By Alex Distefano
By Scott Snowden
By Anna Merlan
By Steve Almond
By Jena Ardell
By Jon Campbell
By Alan Scherstuhl
By Tessa Stuart
Within those safe district lines is the growing gold coast of Southwest Brooklyn, where the palatial villas of the new Russian entrepreneurs have sprung up. Kruger makes the most of it. His campaign filings are stuffed with $5,000 and $9,500 checks from these local residents. Making it easier for constituents to understand the connection between giving and getting, Kruger has his chief of staff, Jason Koppel, also serve as his campaign treasurer.
As the FBI tapes show, the nightclub owners along Coney Island Avenue understand this connection well. A couple of years ago, yet another club, the Heaven Resto Bar/VIP Lounge (not to be confused with Heaven Nights down the street) happily hosted a birthday party for the senator. The club operator here is a famous Russian singer named Avraam Russo who donated $8,000 to be one of Carl's friends, plus $3,500 worth of food. The party included a floor show by the fabulous acrobat Leonid the Magnificent, who, when he is not doing stunts, is fond of dressing in sequins, feather boas, and a small leather thong. At the senator's birthday party, Leonid performed in a skin-tight white Lycra outfit.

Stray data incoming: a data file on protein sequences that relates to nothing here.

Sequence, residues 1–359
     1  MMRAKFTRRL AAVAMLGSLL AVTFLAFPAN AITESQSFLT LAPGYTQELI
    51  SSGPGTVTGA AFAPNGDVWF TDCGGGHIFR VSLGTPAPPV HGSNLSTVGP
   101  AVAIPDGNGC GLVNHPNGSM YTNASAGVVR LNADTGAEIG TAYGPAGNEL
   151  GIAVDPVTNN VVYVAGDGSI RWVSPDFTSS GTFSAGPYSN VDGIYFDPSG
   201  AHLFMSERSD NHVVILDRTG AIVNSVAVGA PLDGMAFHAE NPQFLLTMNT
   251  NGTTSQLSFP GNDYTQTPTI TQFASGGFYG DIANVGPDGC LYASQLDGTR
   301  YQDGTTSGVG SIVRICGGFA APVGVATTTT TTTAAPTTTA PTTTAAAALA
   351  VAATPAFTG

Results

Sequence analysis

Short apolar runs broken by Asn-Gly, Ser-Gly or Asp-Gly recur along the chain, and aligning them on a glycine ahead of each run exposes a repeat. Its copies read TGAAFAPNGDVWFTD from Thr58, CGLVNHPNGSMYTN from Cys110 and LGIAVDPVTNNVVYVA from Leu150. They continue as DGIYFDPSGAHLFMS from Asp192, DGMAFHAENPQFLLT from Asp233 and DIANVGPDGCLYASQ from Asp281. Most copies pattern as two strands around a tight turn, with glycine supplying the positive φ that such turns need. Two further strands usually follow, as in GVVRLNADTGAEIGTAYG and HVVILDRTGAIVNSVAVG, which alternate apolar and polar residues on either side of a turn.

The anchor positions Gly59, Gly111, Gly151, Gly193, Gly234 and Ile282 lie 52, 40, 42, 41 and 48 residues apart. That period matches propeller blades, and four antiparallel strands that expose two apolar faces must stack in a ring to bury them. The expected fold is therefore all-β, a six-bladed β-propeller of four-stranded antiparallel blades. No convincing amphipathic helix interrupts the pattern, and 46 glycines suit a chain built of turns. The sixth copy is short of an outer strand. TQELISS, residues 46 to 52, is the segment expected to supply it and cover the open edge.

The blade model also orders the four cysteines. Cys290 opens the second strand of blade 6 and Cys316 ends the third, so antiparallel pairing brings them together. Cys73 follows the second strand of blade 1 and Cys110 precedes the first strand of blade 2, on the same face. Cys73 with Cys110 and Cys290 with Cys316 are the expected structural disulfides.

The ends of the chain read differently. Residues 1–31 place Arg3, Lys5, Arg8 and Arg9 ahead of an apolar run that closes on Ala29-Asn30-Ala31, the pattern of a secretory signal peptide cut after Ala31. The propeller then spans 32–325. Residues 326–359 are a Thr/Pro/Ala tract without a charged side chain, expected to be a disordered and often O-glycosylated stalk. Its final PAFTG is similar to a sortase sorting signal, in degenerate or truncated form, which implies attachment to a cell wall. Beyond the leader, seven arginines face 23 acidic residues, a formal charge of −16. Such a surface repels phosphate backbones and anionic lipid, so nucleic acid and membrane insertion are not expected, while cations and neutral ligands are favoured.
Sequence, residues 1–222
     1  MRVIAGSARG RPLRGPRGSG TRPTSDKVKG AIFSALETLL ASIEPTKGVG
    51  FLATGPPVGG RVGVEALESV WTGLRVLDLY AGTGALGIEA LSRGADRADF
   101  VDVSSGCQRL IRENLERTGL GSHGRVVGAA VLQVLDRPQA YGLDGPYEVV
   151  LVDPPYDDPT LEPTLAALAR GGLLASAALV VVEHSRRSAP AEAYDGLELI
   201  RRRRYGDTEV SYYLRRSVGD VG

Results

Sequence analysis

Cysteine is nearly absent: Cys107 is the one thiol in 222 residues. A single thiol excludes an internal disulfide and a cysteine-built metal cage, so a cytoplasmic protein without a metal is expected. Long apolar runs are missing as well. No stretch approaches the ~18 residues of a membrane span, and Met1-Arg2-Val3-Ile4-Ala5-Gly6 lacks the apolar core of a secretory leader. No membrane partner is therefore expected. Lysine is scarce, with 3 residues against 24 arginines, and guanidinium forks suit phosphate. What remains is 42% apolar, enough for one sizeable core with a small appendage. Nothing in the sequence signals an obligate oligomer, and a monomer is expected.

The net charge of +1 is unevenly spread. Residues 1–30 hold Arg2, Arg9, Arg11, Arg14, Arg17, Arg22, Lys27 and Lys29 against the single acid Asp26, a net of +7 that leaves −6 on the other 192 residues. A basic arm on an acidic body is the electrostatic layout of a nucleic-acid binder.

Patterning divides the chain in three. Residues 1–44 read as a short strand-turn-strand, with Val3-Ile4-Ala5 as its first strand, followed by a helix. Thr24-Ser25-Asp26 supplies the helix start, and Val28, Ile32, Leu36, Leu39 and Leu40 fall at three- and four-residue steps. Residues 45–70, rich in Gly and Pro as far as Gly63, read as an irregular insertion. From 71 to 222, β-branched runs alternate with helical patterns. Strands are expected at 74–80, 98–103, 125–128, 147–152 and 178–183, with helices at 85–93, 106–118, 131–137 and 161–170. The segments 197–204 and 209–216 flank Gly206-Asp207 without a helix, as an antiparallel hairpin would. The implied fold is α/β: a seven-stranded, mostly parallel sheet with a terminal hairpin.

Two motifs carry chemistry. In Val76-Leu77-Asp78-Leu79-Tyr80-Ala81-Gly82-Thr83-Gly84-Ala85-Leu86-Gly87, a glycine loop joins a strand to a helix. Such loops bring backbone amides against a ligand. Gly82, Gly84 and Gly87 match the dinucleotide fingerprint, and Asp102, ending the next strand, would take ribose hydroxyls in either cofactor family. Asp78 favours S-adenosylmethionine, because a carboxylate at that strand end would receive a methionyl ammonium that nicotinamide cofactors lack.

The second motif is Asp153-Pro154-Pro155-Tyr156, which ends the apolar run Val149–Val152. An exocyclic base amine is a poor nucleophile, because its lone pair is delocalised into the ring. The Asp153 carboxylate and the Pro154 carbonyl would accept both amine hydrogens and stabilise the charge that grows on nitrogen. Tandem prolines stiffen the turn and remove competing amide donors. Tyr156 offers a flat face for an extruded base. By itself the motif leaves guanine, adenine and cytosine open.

Photos show Kruger in a front-row seat hugely enjoying the show. These pictures were later circulated by gay activists who claimed that Kruger, who voted against the gay marriage bill in the Senate, is a closeted homosexual, happy to frolic at gay clubs while denying his own true self. Kruger complained about this unfair inference and rightly so. Those who know him well insist that he is more neutral than partisan in the sex wars, although he is single and cohabits with a female friend in one of those expensive waterside villas in his district.
The senator's strongest passion appears to be playing with his campaign war chest. He spends his surplus donations on a steady stream of indulgences, ranging from expensive steakhouses to Chinese restaurants and trinkets at Home Depot. Recently, he plunked down $512 for something supremely useful in his effort to get even closer to his wealthy constituents: a computer program to help him learn Russian, the easy way.